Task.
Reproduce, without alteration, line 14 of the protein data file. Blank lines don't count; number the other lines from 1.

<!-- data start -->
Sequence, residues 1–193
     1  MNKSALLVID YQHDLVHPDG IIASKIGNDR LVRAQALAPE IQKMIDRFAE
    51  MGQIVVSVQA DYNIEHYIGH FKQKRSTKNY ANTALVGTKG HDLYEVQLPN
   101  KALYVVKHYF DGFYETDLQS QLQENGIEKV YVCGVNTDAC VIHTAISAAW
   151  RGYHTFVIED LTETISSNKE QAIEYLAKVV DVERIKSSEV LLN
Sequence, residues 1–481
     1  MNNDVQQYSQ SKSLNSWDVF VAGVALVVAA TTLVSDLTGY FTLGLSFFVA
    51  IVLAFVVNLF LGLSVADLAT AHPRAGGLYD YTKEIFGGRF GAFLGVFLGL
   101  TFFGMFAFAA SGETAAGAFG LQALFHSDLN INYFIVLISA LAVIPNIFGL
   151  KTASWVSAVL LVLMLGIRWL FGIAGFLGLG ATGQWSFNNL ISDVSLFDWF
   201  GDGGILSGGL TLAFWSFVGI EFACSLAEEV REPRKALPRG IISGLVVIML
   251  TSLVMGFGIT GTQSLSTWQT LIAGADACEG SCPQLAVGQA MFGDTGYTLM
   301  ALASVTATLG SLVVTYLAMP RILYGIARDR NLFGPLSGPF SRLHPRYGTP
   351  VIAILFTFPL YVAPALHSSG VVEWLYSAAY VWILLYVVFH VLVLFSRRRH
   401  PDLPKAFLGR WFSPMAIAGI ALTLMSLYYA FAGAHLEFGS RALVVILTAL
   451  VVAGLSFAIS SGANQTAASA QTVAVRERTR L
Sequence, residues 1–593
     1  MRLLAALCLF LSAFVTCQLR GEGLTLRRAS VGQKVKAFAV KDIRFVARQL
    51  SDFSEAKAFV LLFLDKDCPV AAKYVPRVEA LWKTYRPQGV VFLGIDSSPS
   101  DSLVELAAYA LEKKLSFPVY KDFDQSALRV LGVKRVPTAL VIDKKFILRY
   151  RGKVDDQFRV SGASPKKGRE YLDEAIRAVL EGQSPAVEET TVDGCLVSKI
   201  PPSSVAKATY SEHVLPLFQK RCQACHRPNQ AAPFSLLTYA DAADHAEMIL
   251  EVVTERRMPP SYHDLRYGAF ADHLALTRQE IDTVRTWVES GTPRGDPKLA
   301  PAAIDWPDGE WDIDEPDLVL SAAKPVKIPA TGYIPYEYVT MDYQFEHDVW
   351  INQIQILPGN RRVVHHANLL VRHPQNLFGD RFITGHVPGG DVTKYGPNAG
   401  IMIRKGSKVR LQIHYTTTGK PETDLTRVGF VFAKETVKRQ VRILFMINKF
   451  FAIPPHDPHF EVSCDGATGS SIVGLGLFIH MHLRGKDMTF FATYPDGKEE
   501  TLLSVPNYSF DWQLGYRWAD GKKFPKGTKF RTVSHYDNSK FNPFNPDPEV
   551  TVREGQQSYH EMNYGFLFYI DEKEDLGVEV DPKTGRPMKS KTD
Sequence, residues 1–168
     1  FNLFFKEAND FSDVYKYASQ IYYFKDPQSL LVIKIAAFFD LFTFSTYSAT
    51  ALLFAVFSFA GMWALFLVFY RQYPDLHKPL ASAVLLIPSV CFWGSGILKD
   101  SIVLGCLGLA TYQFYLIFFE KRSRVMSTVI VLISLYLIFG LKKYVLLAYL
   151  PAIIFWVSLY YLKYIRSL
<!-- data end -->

   351  VIAILFTFPL YVAPALHSSG VVEWLYSAAY VWILLYVVFH VLVLFSRRRH